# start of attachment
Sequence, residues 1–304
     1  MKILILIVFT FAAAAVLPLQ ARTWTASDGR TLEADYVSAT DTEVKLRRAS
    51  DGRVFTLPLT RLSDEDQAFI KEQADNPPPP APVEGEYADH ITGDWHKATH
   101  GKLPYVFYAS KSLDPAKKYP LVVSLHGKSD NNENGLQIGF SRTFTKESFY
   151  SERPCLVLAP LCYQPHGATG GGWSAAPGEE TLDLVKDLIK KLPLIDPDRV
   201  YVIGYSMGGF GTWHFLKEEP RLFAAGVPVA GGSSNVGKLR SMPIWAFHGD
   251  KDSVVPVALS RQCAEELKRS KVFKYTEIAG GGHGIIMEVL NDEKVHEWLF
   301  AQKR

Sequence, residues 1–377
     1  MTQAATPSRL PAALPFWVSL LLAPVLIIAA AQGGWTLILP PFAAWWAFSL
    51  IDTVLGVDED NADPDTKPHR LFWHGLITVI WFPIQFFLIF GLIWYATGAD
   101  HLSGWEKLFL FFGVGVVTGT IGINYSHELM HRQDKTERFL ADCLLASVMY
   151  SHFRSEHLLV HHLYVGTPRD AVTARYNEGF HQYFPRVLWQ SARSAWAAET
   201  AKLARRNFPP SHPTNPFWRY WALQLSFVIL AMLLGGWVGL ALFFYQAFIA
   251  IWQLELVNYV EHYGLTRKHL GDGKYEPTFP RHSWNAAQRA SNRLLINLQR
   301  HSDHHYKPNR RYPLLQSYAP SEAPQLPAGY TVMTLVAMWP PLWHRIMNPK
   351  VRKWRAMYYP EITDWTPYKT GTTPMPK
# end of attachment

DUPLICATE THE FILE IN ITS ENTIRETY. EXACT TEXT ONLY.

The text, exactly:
Sequence, residues 1–304
     1  MKILILIVFT FAAAAVLPLQ ARTWTASDGR TLEADYVSAT DTEVKLRRAS
    51  DGRVFTLPLT RLSDEDQAFI KEQADNPPPP APVEGEYADH ITGDWHKATH
   101  GKLPYVFYAS KSLDPAKKYP LVVSLHGKSD NNENGLQIGF SRTFTKESFY
   151  SERPCLVLAP LCYQPHGATG GGWSAAPGEE TLDLVKDLIK KLPLIDPDRV
   201  YVIGYSMGGF GTWHFLKEEP RLFAAGVPVA GGSSNVGKLR SMPIWAFHGD
   251  KDSVVPVALS RQCAEELKRS KVFKYTEIAG GGHGIIMEVL NDEKVHEWLF
   301  AQKR

Sequence, residues 1–377
     1  MTQAATPSRL PAALPFWVSL LLAPVLIIAA AQGGWTLILP PFAAWWAFSL
    51  IDTVLGVDED NADPDTKPHR LFWHGLITVI WFPIQFFLIF GLIWYATGAD
   101  HLSGWEKLFL FFGVGVVTGT IGINYSHELM HRQDKTERFL ADCLLASVMY
   151  SHFRSEHLLV HHLYVGTPRD AVTARYNEGF HQYFPRVLWQ SARSAWAAET
   201  AKLARRNFPP SHPTNPFWRY WALQLSFVIL AMLLGGWVGL ALFFYQAFIA
   251  IWQLELVNYV EHYGLTRKHL GDGKYEPTFP RHSWNAAQRA SNRLLINLQR
   301  HSDHHYKPNR RYPLLQSYAP SEAPQLPAGY TVMTLVAMWP PLWHRIMNPK
   351  VRKWRAMYYP EITDWTPYKT GTTPMPK